We value your privacy. We use cookies to enhance your browsing experience, serve personalized ads or content, and analyze our traffic. By clicking "Accept All", you consent to our use of cookies. Read our Privacy Policy for more information.
back arrow icon

Leveraging machine learning techniques to optimally support exoskeleton users

Friday, June 7, 2024
Thomas Callens
Software engineer

As I am nearing the end of my first year at Panenco, I started to look back on my journey from a mechanical engineer to a software engineer. During my time as a researcher at the robotics research group of KU Leuven, I discovered my interest in software development. In this blogpost, I’ll briefly touch upon some of the work I did during my PhD and highlight some parallels between my work as robotics researcher and software engineer.

Exoskeletons to prevent injuries

Over half of all workers in the EU experience pain in the lower back, shoulder or neck at some point in their career. Besides the discomfort for the workers themselves, this also incurs societal costs due to medical expenses and productivity losses in case workers need to stay absent from work for a while. The root cause of these injuries is repeated lifting of heavy objects. One approach to prevent such injuries would be to simply replace all humans with robots on the workfloor. Although this sounds like a good idea, it turns out that humans are still far superior to robots for tasks that are not strictly repetitive. On the other hand, exoskeletons can leverage the flexibility of humans while still preventing injuries due to lifting.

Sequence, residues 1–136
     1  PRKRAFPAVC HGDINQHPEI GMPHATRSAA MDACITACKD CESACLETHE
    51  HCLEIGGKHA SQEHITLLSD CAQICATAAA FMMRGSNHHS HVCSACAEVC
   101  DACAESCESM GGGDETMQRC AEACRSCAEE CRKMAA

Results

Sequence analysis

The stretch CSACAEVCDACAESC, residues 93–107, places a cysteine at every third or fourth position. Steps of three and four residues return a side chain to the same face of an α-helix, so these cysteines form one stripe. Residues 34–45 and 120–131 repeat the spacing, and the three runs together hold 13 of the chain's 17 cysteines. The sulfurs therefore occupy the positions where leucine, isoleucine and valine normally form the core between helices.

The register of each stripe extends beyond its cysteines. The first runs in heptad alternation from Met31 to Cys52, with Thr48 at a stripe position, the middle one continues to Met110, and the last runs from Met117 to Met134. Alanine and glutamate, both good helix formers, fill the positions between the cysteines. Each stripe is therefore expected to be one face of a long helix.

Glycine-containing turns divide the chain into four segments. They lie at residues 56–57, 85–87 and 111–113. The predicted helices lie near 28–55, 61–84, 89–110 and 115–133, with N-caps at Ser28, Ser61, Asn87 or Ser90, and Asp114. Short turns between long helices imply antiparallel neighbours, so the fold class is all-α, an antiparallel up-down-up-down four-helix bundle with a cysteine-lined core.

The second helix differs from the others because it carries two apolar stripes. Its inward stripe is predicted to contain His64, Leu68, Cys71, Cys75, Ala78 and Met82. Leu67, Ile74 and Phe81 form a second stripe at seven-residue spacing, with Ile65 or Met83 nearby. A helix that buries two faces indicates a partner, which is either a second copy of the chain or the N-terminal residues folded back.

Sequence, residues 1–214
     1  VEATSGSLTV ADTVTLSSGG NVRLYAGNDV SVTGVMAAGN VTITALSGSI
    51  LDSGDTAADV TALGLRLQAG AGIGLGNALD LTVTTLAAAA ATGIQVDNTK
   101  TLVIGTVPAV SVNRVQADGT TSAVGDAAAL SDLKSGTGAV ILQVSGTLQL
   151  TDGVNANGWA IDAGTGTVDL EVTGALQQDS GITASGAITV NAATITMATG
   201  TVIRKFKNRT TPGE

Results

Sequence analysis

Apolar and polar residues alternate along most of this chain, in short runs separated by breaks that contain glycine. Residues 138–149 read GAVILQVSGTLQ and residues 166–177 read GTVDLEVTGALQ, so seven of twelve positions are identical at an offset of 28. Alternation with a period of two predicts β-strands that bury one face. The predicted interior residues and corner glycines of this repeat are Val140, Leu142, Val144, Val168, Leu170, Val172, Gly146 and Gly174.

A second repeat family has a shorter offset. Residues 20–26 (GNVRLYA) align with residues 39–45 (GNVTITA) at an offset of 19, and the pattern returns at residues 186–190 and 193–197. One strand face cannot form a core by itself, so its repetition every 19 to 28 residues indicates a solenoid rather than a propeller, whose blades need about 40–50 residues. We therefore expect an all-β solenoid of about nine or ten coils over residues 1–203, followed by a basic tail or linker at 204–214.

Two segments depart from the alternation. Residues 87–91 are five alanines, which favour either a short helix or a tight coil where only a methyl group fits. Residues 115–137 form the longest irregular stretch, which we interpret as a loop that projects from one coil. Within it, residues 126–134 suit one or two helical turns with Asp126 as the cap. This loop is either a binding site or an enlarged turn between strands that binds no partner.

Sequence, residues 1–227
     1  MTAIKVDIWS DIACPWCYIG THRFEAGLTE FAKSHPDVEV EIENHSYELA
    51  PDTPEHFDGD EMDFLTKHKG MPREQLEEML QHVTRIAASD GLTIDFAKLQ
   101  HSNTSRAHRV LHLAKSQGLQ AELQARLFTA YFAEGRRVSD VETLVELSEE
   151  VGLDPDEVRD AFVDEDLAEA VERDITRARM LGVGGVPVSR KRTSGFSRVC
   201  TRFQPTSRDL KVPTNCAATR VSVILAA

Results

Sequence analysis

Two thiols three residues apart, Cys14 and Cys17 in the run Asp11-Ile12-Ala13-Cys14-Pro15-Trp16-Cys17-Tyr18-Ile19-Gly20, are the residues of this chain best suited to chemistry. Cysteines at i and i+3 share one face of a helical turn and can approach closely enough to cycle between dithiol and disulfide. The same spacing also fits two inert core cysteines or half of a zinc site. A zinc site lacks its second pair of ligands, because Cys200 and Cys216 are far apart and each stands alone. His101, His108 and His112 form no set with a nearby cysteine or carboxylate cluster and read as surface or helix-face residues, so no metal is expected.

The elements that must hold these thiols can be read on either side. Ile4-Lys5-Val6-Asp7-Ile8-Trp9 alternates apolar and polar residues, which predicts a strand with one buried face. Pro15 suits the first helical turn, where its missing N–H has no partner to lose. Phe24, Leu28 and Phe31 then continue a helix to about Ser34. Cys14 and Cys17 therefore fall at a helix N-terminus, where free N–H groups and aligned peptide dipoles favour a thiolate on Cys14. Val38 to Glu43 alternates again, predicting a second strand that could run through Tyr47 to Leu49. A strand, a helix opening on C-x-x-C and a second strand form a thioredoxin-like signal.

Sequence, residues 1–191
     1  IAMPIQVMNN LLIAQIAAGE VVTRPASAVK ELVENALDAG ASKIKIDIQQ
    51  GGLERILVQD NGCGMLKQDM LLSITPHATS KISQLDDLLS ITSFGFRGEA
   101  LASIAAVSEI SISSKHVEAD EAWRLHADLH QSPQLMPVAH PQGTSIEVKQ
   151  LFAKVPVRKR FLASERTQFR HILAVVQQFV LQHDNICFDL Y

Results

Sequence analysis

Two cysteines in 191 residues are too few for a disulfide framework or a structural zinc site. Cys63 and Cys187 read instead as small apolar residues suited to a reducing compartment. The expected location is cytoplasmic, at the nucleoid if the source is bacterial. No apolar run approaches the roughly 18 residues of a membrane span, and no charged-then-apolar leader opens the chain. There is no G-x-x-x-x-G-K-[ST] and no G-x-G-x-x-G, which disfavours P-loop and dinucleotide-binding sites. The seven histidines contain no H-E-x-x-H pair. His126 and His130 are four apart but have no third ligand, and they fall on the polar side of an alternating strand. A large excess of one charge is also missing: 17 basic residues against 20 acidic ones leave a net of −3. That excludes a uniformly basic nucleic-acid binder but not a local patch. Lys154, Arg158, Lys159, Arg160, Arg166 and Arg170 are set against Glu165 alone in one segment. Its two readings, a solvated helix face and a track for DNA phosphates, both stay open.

Exoskeletons are suits that provide support to workers during their day to day working routines, such as the example prototypes shown in the figure below. State-of-the-art exoskeleton prototypes contain motors that are capable of generating the right amount of support at the right time. However, this raises the following questions: When do workers need support? And if they do, how much support do they require? Due to the nature of their work, it is practically infeasible for workers to manually indicate when support is required. Therefore, the exoskeleton needs to automatically infer what a user is doing through the available sensors. 

Recognizing human motion

Exoskeletons contain only the strictly required electronics to remain mobile and lightweight, making it challenging to infer the required support from the limited available sensor data.  We therefore developed motion recognition algorithms that rely on only a handful of sensors. The algorithms are designed such that they rely on simple AI models requiring limited amounts of motion data for the recognition to work. This is an important feature as it is impossible to record hours of motion data at each factory or work station where end-users might want to work with the exoskeletons.

Acting on the output of recognition algorithms